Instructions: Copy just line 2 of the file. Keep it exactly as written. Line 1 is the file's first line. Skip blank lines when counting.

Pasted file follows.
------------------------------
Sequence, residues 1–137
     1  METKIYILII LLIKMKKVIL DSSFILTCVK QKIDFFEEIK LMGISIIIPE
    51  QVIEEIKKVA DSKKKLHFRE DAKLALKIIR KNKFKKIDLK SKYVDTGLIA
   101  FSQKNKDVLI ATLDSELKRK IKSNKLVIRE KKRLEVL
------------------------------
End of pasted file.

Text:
     1  METKIYILII LLIKMKKVIL DSSFILTCVK QKIDFFEEIK LMGISIIIPE